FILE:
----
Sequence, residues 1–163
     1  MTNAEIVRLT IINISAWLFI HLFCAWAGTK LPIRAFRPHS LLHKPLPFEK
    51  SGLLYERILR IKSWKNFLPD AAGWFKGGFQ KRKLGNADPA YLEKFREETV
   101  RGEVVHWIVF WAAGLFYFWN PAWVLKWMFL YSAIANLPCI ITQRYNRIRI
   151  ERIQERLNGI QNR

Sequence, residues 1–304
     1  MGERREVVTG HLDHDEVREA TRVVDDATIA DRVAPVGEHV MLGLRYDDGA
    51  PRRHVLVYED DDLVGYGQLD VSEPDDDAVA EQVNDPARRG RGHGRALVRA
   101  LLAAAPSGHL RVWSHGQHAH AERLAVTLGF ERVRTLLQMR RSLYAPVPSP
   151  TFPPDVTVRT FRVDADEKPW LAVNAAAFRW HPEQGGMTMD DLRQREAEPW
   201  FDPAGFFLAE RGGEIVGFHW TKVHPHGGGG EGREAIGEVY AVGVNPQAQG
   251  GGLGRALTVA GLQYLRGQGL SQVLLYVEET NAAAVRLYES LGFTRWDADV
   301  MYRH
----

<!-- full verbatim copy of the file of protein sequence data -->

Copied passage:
Sequence, residues 1–163
     1  MTNAEIVRLT IINISAWLFI HLFCAWAGTK LPIRAFRPHS LLHKPLPFEK
    51  SGLLYERILR IKSWKNFLPD AAGWFKGGFQ KRKLGNADPA YLEKFREETV
   101  RGEVVHWIVF WAAGLFYFWN PAWVLKWMFL YSAIANLPCI ITQRYNRIRI
   151  ERIQERLNGI QNR

Sequence, residues 1–304
     1  MGERREVVTG HLDHDEVREA TRVVDDATIA DRVAPVGEHV MLGLRYDDGA
    51  PRRHVLVYED DDLVGYGQLD VSEPDDDAVA EQVNDPARRG RGHGRALVRA
   101  LLAAAPSGHL RVWSHGQHAH AERLAVTLGF ERVRTLLQMR RSLYAPVPSP
   151  TFPPDVTVRT FRVDADEKPW LAVNAAAFRW HPEQGGMTMD DLRQREAEPW
   201  FDPAGFFLAE RGGEIVGFHW TKVHPHGGGG EGREAIGEVY AVGVNPQAQG
   251  GGLGRALTVA GLQYLRGQGL SQVLLYVEET NAAAVRLYES LGFTRWDADV
   301  MYRH